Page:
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what is the point in buying a car with a 7 year warranty and then risking it and/or moaning about the costs involved?
Many years ago when I worked for myself, after some time I found that I was getting repeat business which is a great confidence boost when you are trying to earn a living working out of a small rented garage. I knew that if I did good work and didn’t charge too much, I would get more business on a ‘word of mouth’ basis. I had a mate who would lend a hand with any big jobs involving block & tackle, dropping subframes or the like for which I always paid him cash.

We were discussing my financial situation over a couple of beers one evening and he was surprised at how little I was charging for bread and butter stuff like servicing, brakes, clutch replacement and the like. He had worked for himself for a while but couldn’t earn as much as he wanted so got himself work on the oil rigs in the North Sea which did pay good money in those days. One of the things I learned from him was that, in terms of job pricing, there is a point at which customers will simply go to a main dealer or find a cheaper independent and he reckoned 70%of the local main dealer labour rates was the absolute limit, beyond which work dries up.

After a little research, I was able to get a handle on the labour charges of several franchised dealers of different brands in my area which was a great help in pricing up work and turning a profit. Although I rarely priced work as high as 70%, I did ok undercutting dealer prices by 40%-50% on many jobs that were easy to turn around quickly.

Being able to purchase parts at trade rates on a monthly account allowed for a little more profit in the job aside from the labour. Independents survive today working on similar principles to those I employed 50 years ago but, returning to ‘Back again’s point, I don’t understand the mentality of those who spend 20K - 40K on a KIA with a 7-year warranty then quibble about the very reasonable cost of dealer maintenance, choosing to let an independent maintain the vehicle for a little less.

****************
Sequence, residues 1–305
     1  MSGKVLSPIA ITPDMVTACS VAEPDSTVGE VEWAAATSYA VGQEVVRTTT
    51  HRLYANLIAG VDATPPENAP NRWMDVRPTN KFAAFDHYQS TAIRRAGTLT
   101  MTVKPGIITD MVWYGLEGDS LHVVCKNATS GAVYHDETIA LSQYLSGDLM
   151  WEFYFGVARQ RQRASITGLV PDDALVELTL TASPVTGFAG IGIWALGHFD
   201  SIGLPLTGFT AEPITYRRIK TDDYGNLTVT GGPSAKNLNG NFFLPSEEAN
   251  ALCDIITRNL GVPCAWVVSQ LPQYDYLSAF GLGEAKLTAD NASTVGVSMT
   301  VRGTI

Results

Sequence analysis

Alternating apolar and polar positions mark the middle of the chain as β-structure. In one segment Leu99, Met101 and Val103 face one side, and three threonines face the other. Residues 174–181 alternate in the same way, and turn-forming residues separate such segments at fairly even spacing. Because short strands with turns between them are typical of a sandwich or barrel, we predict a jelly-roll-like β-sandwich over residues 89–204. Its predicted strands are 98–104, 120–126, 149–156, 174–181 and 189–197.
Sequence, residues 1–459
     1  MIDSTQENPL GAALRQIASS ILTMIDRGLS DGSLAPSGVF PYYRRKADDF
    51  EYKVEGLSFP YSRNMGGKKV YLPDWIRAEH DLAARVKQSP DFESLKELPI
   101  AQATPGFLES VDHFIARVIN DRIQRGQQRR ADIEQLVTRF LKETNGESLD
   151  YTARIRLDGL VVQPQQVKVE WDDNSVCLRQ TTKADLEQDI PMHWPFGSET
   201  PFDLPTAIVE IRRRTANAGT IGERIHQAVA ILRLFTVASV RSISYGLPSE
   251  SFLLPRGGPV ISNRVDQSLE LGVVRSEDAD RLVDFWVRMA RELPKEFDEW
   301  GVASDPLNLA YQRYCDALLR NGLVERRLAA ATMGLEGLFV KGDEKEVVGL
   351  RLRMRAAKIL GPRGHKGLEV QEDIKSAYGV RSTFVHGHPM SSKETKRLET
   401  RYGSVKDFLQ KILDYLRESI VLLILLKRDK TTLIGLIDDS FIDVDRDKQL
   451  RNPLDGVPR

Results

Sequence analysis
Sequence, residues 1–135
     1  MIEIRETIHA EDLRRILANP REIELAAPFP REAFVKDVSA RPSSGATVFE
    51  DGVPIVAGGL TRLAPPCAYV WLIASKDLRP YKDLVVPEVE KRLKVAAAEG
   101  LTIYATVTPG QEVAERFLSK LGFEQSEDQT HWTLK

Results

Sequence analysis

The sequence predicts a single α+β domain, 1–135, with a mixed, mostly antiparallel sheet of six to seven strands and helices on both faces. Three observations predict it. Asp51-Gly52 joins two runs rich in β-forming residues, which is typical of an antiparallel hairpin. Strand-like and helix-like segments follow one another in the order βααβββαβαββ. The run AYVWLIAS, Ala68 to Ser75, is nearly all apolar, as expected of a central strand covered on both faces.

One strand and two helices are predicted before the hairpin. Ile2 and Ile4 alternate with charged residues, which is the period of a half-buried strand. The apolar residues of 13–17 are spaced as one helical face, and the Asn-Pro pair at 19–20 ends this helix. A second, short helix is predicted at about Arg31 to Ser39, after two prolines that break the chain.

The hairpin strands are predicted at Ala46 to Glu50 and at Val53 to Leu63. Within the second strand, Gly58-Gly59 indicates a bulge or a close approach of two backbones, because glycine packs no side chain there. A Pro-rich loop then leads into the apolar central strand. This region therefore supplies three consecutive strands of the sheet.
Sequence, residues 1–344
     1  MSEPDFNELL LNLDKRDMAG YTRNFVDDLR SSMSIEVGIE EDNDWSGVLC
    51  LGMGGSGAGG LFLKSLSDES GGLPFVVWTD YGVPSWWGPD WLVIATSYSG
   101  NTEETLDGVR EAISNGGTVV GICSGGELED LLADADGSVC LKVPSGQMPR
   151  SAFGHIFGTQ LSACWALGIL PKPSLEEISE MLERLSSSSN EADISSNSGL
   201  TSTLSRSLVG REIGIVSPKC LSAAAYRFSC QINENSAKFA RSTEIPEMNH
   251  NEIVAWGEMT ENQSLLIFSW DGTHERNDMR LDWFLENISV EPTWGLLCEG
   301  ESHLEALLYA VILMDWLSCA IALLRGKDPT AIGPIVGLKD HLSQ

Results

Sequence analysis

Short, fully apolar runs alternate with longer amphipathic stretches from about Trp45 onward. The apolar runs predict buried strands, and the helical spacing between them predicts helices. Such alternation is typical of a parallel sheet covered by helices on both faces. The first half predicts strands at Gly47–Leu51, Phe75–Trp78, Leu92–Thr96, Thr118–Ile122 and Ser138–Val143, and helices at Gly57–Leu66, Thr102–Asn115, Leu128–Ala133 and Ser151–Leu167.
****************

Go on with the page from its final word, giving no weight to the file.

That 7-year warranty is worth something so if a KIA dealer is a few quid dearer than a local independent, I view that as a price worth paying for the protection afforded by that warranty.

If I can rant just for a moment, I do get p’d off with those correspondents who speak of ‘my mechanic’ in the way that some women like to describe their local butcher, fishmonger and so on, as if they were Nigella Lawson or Mary Berry, receiving the best cuts, special deals, freshest produce, particularly when most of them use Tesco, M&S or Morrison’s.

For those who think Korean cars are a poor deal and for those who criticise the warranty, just go buy a Ford or a Citroen/Peugeot/Vauxhall or any of the German brands alleged to be Premium fare. They will go wrong after 3 years and the bills will be expensive but you don’t need to take my word for that. Some of us have lots of experience of other brands and just a glance at the reliability tables from the JD Power Survey or indeed any of the other reliability surveys conducted by the motoring press is more than a little revealing!